CLEVELAND -- The image of José Ramírez stumbling as he raced toward an unmanned third base, diving and laying his head on the bag like a pillow out of exhaustion and partial befuddlement is the perfect summation of the Indians’ strange 8-7 victory over the Orioles on Wednesday night at Progressive Field.
Indians manager Terry Francona has said all season long that this team knows it may not have the prettiest wins every single night, but the one thing the skipper has emphasized is the importance of his team doing the little things like hustling on the bases. And that’s exactly what Ramírez did.
With Cleveland trailing 3-2 in the third and runners on second and third, Ramírez served a 104.4 mph single into right field to easily plate both runners. But as the throw came in from the outfield, Ramírez made an aggressive decision to head to second base. After the throw was cut off, he was stuck between first and second and it looked like he was a guaranteed out.
“I'm not sure he probably should have been going to second,” Francona said. “He might have gotten a little carried away there, but once that happened, his clock is incredible.”
Here’s how Ramírez navigated trouble. After first baseman Trey Mancini cut off the throw from the outfield, he tossed the ball to shortstop Freddy Galvis, who was covering second. He took a few steps to force Ramírez to head back toward first before throwing the ball to second baseman Pat Valaika, who was standing in front of first base. Ramírez pivoted to try to escape trouble, heading back toward second and realized no one was covering the bag. When he was a few steps ahead of Galvis, there was no one stopping him from getting to second.
“The rundown originally was between first and second, so [backstop Pedro Severino] did a nice job getting to first base,” Orioles manager Brandon Hyde said. “When we cut the ball, we need to follow our throw there so there is another guy at second base. If we see second base vacant, then a corner guy needs to get there.”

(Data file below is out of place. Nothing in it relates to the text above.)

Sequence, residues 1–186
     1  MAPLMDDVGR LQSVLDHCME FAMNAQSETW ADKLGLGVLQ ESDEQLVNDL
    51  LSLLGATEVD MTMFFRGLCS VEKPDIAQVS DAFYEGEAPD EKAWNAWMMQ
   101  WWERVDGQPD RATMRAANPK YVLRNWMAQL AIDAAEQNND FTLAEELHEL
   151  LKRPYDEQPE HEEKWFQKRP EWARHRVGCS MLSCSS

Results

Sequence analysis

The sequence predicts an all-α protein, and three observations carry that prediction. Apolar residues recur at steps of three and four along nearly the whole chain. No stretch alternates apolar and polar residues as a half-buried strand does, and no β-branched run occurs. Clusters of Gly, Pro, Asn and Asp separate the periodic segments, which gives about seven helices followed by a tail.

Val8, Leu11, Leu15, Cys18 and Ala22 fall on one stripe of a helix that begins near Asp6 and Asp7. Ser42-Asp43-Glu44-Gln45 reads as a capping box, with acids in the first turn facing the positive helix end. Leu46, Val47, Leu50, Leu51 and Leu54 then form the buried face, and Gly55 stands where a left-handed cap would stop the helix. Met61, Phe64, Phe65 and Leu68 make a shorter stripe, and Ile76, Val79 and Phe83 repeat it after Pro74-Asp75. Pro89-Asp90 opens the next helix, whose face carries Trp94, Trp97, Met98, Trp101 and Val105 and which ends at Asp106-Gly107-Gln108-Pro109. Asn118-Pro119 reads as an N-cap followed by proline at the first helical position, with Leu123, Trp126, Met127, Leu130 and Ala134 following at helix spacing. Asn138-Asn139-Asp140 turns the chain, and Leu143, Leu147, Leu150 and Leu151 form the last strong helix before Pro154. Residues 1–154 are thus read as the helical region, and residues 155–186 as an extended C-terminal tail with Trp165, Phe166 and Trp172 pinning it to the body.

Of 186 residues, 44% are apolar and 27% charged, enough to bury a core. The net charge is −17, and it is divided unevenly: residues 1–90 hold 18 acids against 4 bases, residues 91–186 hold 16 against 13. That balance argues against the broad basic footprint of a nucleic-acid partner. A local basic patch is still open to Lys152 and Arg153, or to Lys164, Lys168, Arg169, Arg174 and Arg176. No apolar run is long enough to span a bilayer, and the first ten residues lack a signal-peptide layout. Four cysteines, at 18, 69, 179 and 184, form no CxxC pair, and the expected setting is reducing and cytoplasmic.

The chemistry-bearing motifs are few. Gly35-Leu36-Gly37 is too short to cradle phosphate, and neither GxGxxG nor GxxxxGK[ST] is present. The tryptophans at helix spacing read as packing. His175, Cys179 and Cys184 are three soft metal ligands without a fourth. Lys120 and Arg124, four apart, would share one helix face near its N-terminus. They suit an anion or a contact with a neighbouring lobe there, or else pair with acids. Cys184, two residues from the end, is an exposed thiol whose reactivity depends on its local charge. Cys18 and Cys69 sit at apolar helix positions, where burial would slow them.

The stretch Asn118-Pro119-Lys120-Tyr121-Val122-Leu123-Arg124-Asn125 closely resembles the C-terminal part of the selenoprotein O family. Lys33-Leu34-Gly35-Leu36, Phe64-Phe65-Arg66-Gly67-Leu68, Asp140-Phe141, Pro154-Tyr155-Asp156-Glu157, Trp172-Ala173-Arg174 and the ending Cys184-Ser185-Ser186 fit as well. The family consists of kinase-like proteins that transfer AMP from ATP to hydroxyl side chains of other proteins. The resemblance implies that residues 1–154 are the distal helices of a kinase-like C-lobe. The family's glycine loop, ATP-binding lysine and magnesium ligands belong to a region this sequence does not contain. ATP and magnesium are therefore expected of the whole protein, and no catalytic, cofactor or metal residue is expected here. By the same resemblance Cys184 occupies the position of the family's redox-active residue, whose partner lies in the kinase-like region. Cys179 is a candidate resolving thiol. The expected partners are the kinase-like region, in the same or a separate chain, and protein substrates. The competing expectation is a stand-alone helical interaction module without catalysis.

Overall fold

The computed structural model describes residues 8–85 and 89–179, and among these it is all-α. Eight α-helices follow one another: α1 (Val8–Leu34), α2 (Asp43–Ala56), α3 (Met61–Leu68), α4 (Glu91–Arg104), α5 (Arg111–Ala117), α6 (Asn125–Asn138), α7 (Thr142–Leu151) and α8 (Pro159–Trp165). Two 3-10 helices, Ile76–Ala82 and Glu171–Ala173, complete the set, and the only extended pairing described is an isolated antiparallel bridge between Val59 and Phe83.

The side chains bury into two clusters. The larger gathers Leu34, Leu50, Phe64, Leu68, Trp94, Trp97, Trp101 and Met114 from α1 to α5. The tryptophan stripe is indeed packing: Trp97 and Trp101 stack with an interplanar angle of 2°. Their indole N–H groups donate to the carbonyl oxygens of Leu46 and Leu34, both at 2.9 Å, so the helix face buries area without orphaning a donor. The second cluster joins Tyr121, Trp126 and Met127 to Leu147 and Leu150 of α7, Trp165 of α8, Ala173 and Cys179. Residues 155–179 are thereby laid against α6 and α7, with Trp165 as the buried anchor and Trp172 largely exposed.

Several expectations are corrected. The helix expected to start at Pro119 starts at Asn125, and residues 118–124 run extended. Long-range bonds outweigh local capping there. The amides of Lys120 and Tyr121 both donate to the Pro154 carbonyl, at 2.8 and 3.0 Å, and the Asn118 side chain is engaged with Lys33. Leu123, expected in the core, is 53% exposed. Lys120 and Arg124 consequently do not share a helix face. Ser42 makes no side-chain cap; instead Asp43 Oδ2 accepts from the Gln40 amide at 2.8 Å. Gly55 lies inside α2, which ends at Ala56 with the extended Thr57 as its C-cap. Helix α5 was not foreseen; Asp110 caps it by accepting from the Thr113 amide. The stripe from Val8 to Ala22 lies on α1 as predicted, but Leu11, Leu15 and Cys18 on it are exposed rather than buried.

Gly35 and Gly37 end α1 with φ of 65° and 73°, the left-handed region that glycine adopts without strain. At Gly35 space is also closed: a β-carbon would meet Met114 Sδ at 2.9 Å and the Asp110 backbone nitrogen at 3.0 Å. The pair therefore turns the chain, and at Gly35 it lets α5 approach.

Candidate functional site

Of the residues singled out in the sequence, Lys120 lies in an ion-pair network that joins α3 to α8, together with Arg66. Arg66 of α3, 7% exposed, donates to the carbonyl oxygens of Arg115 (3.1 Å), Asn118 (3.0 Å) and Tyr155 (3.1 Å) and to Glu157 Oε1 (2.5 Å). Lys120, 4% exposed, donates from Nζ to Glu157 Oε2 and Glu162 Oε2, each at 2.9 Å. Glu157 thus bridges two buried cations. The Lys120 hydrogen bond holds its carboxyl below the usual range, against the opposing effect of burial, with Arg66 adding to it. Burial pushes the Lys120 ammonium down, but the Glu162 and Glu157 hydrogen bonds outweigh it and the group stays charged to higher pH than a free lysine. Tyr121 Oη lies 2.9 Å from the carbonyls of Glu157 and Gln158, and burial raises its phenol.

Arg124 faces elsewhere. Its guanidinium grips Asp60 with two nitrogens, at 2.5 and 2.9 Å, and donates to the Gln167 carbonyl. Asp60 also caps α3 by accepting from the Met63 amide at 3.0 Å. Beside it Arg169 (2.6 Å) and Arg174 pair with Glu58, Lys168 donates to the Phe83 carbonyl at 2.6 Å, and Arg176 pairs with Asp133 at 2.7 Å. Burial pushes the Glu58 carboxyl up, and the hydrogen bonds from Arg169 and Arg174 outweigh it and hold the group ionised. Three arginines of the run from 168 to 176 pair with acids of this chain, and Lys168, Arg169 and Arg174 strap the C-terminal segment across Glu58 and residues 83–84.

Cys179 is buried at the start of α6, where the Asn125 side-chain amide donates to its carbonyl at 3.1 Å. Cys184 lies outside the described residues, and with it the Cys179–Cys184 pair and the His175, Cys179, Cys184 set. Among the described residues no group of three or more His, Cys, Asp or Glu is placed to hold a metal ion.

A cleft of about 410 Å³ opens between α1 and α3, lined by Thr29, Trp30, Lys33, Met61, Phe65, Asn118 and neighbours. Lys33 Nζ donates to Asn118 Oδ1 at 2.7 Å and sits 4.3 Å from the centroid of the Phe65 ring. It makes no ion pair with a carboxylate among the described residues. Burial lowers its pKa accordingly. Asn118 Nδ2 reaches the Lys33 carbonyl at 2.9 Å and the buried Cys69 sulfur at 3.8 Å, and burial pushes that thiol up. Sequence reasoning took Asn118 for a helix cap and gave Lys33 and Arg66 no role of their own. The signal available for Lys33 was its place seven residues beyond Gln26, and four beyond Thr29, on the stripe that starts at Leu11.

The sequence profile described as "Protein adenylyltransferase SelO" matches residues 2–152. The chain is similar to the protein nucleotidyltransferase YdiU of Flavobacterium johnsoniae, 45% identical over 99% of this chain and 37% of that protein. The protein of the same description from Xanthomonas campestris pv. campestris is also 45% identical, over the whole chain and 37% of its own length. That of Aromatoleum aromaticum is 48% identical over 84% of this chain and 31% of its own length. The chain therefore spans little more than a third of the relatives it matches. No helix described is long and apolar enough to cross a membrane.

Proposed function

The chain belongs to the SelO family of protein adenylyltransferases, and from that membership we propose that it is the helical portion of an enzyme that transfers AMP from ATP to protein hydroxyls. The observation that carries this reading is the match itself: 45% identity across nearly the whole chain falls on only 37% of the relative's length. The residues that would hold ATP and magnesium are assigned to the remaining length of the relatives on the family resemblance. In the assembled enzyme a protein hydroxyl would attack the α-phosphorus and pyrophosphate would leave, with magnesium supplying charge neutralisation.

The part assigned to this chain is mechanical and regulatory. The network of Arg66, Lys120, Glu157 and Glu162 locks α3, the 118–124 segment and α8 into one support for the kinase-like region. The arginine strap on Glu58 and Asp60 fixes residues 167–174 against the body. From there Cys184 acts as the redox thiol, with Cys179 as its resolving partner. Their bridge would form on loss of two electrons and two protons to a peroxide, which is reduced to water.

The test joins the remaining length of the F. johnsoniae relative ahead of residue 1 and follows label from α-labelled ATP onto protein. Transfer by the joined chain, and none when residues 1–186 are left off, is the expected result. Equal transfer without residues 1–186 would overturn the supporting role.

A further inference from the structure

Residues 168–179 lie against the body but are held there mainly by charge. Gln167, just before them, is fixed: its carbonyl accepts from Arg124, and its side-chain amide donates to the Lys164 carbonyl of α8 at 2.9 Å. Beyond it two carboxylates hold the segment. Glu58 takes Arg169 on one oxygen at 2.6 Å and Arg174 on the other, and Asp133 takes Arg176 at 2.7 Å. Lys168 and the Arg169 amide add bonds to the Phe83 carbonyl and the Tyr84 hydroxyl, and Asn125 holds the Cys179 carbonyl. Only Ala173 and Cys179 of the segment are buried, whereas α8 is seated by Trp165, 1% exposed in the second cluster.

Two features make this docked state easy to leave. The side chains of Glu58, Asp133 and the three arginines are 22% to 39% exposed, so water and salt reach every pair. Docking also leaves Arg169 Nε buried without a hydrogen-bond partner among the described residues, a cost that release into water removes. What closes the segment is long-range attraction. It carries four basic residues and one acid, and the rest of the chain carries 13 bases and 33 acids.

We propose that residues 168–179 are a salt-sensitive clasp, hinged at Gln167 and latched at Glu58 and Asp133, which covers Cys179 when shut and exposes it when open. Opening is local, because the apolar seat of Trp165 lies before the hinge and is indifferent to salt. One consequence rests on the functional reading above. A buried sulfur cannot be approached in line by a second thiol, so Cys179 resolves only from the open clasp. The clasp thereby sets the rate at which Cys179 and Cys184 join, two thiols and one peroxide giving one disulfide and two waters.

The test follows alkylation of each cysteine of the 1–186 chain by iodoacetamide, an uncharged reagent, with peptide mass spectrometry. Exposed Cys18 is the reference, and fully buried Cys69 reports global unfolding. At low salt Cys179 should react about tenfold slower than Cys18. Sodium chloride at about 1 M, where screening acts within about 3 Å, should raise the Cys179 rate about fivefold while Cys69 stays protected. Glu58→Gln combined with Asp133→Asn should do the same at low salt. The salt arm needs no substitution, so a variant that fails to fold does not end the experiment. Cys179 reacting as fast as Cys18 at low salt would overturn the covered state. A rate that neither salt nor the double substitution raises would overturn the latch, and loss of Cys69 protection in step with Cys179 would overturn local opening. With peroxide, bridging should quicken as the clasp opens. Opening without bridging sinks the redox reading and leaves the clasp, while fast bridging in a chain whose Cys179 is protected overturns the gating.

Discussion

But Ramírez wanted more. A moment after diving safely into second base, avoiding disaster in what became a five-run frame, he realized no one was manning third. Orioles third baseman Maikel Franco had come over to try to cover second base after Ramírez escaped the rundown.
“For him to have the wherewithal to get out of the rundown and also be thinking that quickly that third base is unoccupied to me is incredible,” Francona said. “Most guys would probably dive for the bag and move on. He knew their third baseman was on the [second-base] bag, he looked up right away, there's no hesitation.
“Then the fact that he almost fell, that just made it perfect.”
Ramírez jumped to his feet, but failed to ever get completely upright. Halfway to third base he clearly was losing his footing. His feet were getting tripped up and his arms did their best Michael Phelps freestyle impression, but he was able to keep his balance just long enough to collapse into third base.
“Yeah,” Indians outfielder Eddie Rosario said with a big laugh when asked if he thought Ramírez was going to fall. “I saw he was close and I was like, ‘Ohhh.’ But he made the play. He’s good.”
Nothing about this Indians season has gone to plan. The team is without four-fifths of its original starting rotation, one of its biggest sluggers is on the injured list and yet the team has still managed to find a way to trudge on in a fashion that resembled Ramírez’s unstable run to the bag. But, like always, Ramírez found yet another way to lead his team to a victory, sparking that crucial third inning to give Cleveland its ninth win in its last 13 games.
“There was definitely some laughs going on in the dugout,” Indians starter Aaron Civale said. “Again, that's Josey. Hustling to second and seeing that nobody was at third and nobody was going to be there. Just getting over there. He was hobbling over there. That's Josey in a nutshell.”